For our analyses, we included all complexes that had (1) a prevalence of at least 15% within the case or control group of our study population or were (2) accounted for within at least five of the reference studies [510, 12, 1623] or were (3) considered as being of significant medical interest within a thorough appraisal by the authors. Multiple mentioning of conditions was allowed (e.g. highly prevalent, and frequently mentioned in previous studies). Using this approach, 30 comorbidity complexes were finally considered. The source of origin of these 30 comorbidity complexes is accessible as Additional file 1.

For the main analysis, a person was allocated to a diagnosis group if a corresponding diagnosis was documented at least once in 2006 in order to capture acute conditions as well. Additionally, sensitivity analyses with more restrictive diagnosis documentation requirements (coding of a diagnosis in at least two or four quarters of 2006) were run.

The overall burden of comorbidity was measured by the Charlson Index (CI) using the ICD-10 comorbidity coding algorithm from Quan et al. [24]. The higher the index, the higher the comorbidity burden. The original version of the CI includes 17 disease categories with dementia being one of them. Thus, dementia patients with an equal comorbidity profile to non-demented control subjects would have a higher CI because dementia contributes to calculating the index score. To reflect disease burden apart from dementia, we calculated a modified version of the CI, which consists of only 16 disease categories and does not include dementia in calculating the index score.

Statistical analysis

Descriptive statistics characterize the study population. The proportion of affected dementia patients and control subjects was calculated for each comorbidity complex. To investigate the association between a comorbidity complex and dementia, the likelihood of being affected by a comorbidity complex in the presence of dementia in comparison with a control subject was calculated using binary logistic regression. Because of the mentioned inexact matching and distortion as a result of restriction of the sample to people with at least one documented ICD-10 code in 2006, the analysis was adjusted for age and gender.

Odds ratios (ORs), 95% confidence intervals (CI) and p-values are provided. As we tested 30 comorbidity complexes, we addressed multiple testing by setting a Bonferroni-adjusted significance level of p < 0.0017 (0.05/30).

To evaluate the impact of gender, a dementia–gender interaction term was added to the model and, as the interaction terms were significant for the majority of comorbidity complexes, we also chose to display the results of a gender-stratified analysis, which is adjusted for age only.

Statistical Analysis System (SAS) 9.2 was used for data analysis.


Baseline characteristics

The study population included 37,753 individuals aged between 65 and 103 years. Some 27,012 (71.6%) individuals were female, and 33,119 individuals (87.7%) lived within the community setting during the entire observation period.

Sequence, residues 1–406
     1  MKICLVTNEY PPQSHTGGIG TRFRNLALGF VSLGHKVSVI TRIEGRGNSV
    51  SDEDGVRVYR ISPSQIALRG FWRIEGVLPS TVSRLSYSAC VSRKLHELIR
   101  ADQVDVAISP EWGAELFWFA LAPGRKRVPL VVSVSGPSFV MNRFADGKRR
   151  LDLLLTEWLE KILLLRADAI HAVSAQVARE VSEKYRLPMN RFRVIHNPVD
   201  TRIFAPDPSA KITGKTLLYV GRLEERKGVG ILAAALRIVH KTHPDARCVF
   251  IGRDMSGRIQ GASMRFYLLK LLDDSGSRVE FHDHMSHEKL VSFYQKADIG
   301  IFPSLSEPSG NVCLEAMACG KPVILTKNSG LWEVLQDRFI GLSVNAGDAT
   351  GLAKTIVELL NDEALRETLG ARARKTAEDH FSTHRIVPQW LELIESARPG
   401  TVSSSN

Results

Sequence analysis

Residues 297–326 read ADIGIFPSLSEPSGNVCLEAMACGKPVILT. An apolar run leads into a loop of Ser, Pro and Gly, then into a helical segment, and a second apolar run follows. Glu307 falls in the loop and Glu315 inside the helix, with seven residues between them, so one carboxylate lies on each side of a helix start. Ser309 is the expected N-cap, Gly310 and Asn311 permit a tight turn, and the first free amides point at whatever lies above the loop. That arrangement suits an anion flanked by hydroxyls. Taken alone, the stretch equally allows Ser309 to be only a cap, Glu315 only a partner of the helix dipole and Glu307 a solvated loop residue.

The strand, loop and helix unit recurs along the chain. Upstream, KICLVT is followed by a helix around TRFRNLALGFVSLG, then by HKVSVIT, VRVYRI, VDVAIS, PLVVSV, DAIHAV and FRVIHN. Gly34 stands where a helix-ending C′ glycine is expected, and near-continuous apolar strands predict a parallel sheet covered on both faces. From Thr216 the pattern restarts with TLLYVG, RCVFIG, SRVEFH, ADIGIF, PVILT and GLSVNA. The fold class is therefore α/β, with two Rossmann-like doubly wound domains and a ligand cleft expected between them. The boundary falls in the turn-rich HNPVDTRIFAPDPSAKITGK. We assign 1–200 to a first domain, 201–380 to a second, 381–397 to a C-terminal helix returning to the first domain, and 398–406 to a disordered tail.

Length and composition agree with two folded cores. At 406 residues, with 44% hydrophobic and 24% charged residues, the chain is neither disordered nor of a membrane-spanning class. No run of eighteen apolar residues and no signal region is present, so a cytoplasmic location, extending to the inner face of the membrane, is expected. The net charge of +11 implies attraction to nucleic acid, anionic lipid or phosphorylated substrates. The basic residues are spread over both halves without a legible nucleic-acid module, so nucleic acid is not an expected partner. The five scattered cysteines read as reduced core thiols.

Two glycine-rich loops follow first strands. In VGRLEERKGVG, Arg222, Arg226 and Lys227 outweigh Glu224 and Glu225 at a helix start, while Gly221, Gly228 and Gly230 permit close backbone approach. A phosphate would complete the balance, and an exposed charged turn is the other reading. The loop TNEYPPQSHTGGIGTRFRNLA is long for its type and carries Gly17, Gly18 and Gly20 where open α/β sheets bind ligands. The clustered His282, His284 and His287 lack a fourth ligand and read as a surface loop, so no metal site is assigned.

Table 1 displays the demographic characteristics of the study population as a whole as well as according to dementia status. Comparing individuals with and without dementia revealed that the share of permanently community-living individuals was significantly higher in non-demented control subjects (96.4% vs. 67.9%). Corresponding to this, 88.3% of control subjects showed no impairment in ADL (no care level), whereas only 37.9% of dementia patients hardly needed assistance at all (p <0.0001). The modified CI was significantly higher in the case group (p <0.0001) and significantly higher for men than for women in both groups (p <0.0001 each).

Table 1 Baseline characteristics of 2006 study sample

Range of comorbidity

Table 2 displays the comorbidity complexes. In both, the case and the control group, hypertension was the most common comorbidity complex: it was documented for 73.4% of dementia patients and 77.8% of control subjects. Hypertension was followed by lower back pain in the control group (58.9%) and incontinence (50.3%) in the case group. The prevalence of disorders directly related to dementia development (Parkinson’s, stroke) was increased for dementia patients, as well as the prevalence of diseases that are related to loss of cognitive abilities (incontinence, electrolyte and fluid imbalances). Also, fractures and injuries, pneumonia, mental and behavioural disorders, anaemia, diabetes as well as cardiac and renal insufficiency were observed more often in dementia patients. In contrast, problems with the musculoskeletal system, vision and hearing were documented less frequently for cases. Cancer, thyroid dysfunction, lipoprotein disorders, hypertension, arrhythmias and varicosis were also less frequent in cases than in control subjects. This is reflected in the results of the logistic regression, with high ORs for Parkinson’s disease (5.21), incontinence (3.01), cerebral ischaemia/chronic stroke (2.59), pneumonia (2.31) and depression (2.08) and low ORs for vision reduction (0.59), lower back pain (0.69), lipoprotein disorders (0.72), joint arthrosis (0.74) and hypertension (0.76). The sensitivity analyses did not show substantial changes in the results for most of the groups; in particular, there were no substantial changes in ORs.

Table 2 Diagnosed comorbidity complexes of dementia patients and control subjects

Gender-stratified case–control comparison

As pointed out in Table 3, females with and without dementia were older than their male counterparts (p <0.0001 for both) and, in both groups, fewer women than men stayed in the community setting (p <0.0001 for both).

Table 3 Gender-specific baseline characteristics of 2006 study sample